Much more recently, one of the most feared and controversial Army Generals David Tinyefuza (popularly known as Ssejusa) has been arrested and, as we write, he is under trial at the General Court Martial. The charge: that he is plotting some mischief around election time. But he is also known for making inflammatory remarks about the current regime. Ssejusa has argued that the NRM cannot be removed by elections, but rather by popular uprising. Such remarks from an Army General have not gone well with the establishment, especially at a time of heightened political activity. The arrest and trial of David Tinyefuza just about two weeks to the elections no doubt will add to the rumour mill and help increase political temperatures.
Opinion polls point to a tight race among the three leading contenders. One such poll gave the incumbent Yoweri Museveni a clear lead with 71%, with Dr. Kizza Besigye somewhere around 20% and Hon. Amama Mbabazi less than 10%. Another poll much later gave Museveni 51% , Dr Besigye the upper 20s and Mababazi the tens. Of course these polls are highly contested, with some observers thinking they are commissioned by political interest groups. What many think though is that there is a likelihood of no candidate getting a clear win of 50% plus 1. If this is the case, then a rerun is possible.
ISSUES AT STAKE
The incumbent Yoweri Museveni argues that he has brought stability to the country that was constantly at war. He further argues that he has brought economic growth to the country, more educational opportunities and infrastructure. His main rivals, both Dr. Kizza Besigye and Hon. Amama Mbabazi, make a counter argument that the achievements mentioned were brought about by the entire NRM leadership of which they were a part. In addition they are demanding a peaceful transition from one regime to the next, something Uganda has not experienced since independence. So clearly there is the issue of political transition at stake.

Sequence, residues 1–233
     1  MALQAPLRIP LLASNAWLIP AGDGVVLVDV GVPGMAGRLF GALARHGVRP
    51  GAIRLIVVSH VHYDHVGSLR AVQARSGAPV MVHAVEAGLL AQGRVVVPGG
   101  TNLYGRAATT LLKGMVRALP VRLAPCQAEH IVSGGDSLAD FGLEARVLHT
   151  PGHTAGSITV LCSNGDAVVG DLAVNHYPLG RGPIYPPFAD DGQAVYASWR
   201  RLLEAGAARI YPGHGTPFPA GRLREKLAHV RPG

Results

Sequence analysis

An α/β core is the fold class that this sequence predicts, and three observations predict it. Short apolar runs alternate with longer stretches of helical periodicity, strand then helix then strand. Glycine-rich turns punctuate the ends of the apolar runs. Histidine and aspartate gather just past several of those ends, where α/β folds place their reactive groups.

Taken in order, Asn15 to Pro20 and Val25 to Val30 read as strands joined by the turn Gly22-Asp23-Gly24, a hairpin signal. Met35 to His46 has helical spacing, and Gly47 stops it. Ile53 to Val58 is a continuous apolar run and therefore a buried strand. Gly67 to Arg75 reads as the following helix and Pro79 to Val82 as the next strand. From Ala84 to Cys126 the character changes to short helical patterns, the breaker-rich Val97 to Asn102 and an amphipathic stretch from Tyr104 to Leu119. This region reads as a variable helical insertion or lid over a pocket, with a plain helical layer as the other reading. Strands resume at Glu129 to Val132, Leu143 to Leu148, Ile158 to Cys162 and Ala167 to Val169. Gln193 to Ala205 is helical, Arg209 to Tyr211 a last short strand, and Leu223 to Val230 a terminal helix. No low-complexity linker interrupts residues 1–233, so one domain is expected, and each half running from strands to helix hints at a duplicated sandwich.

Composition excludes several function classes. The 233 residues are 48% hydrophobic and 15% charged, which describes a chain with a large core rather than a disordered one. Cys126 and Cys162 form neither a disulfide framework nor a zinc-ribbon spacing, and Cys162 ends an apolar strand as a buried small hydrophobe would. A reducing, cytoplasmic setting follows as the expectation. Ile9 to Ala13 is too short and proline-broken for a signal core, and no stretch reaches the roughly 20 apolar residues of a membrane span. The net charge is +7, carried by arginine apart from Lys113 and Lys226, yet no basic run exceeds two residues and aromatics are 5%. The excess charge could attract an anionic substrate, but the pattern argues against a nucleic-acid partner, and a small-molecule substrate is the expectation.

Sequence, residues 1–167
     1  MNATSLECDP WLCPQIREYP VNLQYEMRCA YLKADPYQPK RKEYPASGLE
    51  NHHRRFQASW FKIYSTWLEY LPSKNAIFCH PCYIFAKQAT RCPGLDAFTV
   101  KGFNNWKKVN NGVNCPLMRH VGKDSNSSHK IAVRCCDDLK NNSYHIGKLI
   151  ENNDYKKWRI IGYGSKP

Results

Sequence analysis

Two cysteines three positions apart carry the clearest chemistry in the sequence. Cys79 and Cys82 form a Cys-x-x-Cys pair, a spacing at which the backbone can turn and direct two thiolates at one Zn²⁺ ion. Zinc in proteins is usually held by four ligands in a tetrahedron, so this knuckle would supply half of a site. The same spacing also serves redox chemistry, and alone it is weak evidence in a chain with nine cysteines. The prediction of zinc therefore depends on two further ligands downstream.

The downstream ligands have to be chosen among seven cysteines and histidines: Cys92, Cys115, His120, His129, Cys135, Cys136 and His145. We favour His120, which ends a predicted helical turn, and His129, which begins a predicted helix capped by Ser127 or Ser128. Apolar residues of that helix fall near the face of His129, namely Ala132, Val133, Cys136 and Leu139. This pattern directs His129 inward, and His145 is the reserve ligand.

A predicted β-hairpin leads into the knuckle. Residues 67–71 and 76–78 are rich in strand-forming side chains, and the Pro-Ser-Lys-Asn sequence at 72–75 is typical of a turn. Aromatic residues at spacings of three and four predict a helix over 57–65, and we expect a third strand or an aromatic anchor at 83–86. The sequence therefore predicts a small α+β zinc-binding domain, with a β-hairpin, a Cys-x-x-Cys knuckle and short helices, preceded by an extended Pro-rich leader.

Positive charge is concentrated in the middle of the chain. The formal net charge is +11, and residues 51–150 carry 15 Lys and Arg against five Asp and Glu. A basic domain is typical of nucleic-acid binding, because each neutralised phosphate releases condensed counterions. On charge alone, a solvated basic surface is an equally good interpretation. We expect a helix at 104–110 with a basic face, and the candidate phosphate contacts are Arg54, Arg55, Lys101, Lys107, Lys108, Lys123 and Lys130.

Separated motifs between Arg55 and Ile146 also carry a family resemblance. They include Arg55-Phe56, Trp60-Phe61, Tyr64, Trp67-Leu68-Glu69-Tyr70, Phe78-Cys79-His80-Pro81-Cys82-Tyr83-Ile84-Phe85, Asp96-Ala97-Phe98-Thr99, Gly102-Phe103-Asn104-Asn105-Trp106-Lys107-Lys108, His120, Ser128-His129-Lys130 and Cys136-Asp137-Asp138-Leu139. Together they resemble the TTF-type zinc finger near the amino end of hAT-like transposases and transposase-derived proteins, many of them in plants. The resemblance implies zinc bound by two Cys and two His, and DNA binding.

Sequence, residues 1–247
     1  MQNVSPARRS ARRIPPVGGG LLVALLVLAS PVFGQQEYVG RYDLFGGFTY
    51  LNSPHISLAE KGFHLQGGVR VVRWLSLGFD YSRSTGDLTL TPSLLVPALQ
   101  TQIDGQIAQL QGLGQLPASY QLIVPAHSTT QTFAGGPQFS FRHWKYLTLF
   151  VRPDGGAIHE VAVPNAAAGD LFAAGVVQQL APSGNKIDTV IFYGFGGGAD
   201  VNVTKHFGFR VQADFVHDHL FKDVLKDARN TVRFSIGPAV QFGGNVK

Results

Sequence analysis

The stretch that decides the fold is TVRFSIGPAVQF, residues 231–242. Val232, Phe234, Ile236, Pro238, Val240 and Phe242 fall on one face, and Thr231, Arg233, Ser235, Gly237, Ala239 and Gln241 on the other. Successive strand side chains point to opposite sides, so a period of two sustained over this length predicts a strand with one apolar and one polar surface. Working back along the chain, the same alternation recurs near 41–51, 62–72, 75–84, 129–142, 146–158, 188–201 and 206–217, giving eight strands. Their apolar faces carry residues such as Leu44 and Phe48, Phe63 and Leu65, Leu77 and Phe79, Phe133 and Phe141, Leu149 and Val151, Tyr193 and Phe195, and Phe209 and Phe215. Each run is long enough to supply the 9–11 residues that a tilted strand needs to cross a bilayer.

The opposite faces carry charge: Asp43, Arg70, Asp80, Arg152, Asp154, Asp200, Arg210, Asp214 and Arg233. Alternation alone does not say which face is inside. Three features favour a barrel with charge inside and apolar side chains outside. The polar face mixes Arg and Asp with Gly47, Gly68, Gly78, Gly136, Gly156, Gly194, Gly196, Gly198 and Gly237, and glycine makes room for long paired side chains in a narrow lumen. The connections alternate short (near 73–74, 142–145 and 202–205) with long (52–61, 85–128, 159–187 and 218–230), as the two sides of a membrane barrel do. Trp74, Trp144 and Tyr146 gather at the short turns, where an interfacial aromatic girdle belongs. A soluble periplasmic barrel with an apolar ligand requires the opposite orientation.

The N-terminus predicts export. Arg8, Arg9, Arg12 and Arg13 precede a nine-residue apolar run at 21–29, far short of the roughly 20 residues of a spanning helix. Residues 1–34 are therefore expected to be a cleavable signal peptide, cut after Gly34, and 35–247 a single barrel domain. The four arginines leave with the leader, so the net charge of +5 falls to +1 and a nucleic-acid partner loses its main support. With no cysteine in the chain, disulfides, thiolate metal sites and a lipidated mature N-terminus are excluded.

The other issue facing Uganda’s electoral terrain is the emergency of numerous independent parliamentary candidates, especially those associated with the ruling NRM. It is estimated that about 900 candidates are standing as independents even when the NRM party constitution demands that once one loses the primaries he or she should not stand as an independent. There is much talk of internal wrangles within the ruling party as the primaries demonstrated. Could this large number of independents point to the re-emergence of individual merit that NRM initially stood by in its earlier years?
The forthcoming elections have also witnessed alliances across parties. For instance, two of the leading opposition politicians Norbert Mao and Olara Otunnu, of the Democratic Party (DP) and Uganda People’s Congress (UPC), respectively, are supporting Hon. Amama Mbabazi. They both come from the northern Uganda. On the other hand, Akena, a leader of UPC and son of the late Milton Obote, former president of Uganda, supports President Museveni.
There is increasing militarization of the political landscape as Uganda approaches the elections. Statements are being made by top military officers as well as by the police to the effect that both forces will step in should electoral violence break out. Other statements are veiled allusions to the conviction in some quarters that the ruling party will not hand over power to the opposition, should the latter win. On the other hand, some opposition politicians are making clear that they will not accept rigged election results.
There is anecdotal evidence that the opposition could be mobilizing masses to guard their victory while the government is referring to such mobilization as unacceptable illegal militias. The opposition has also voiced concerns about the new outfit called “crime preventers”—comprising of about 11 million security personnel under the rubric of community policing. Issues are being raised as to why these “crime preventers” have just emerged close to election time, with the fear that they may be part of the election rigging mechanism meant to intimidate opposition voters. They have now earned a nickname “Crime Promoters.” There are logistical issues of how such a force, even if it were for the interests of preventing crime, is to be financed and with which budgetary allocation. This outfit has clearly attracted the attention of the international community that is keen on peaceful elections.